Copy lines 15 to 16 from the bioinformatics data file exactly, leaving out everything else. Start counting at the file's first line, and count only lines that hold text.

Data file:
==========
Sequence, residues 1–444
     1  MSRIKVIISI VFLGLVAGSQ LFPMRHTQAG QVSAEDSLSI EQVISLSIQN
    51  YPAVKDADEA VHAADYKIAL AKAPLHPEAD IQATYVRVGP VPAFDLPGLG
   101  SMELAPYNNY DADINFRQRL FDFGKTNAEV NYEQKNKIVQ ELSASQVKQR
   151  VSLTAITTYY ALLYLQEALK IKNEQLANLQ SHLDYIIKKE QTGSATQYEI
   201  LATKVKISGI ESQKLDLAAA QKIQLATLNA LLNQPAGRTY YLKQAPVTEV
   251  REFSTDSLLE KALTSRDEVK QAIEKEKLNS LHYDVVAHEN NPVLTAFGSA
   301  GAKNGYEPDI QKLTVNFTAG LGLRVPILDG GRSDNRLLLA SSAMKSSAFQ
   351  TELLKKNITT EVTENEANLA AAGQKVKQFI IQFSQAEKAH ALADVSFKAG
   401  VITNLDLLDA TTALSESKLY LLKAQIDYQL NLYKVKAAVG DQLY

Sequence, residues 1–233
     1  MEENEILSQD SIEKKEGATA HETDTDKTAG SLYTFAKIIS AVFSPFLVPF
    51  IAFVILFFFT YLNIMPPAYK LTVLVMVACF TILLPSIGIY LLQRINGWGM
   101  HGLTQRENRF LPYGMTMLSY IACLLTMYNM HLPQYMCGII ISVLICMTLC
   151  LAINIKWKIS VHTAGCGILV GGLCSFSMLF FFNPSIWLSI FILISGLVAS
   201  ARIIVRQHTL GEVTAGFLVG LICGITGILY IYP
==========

   151  LAINIKWKIS VHTAGCGILV GGLCSFSMLF FFNPSIWLSI FILISGLVAS
   201  ARIIVRQHTL GEVTAGFLVG LICGITGILY IYP